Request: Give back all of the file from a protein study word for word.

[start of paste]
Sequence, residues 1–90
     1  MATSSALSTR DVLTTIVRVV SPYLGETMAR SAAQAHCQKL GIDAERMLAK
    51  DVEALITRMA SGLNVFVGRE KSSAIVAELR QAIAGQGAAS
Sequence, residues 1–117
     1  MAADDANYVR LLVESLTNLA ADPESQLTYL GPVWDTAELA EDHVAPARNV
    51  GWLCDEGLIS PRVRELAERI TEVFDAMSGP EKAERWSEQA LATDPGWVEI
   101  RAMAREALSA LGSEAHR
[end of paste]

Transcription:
Sequence, residues 1–90
     1  MATSSALSTR DVLTTIVRVV SPYLGETMAR SAAQAHCQKL GIDAERMLAK
    51  DVEALITRMA SGLNVFVGRE KSSAIVAELR QAIAGQGAAS
Sequence, residues 1–117
     1  MAADDANYVR LLVESLTNLA ADPESQLTYL GPVWDTAELA EDHVAPARNV
    51  GWLCDEGLIS PRVRELAERI TEVFDAMSGP EKAERWSEQA LATDPGWVEI
   101  RAMAREALSA LGSEAHR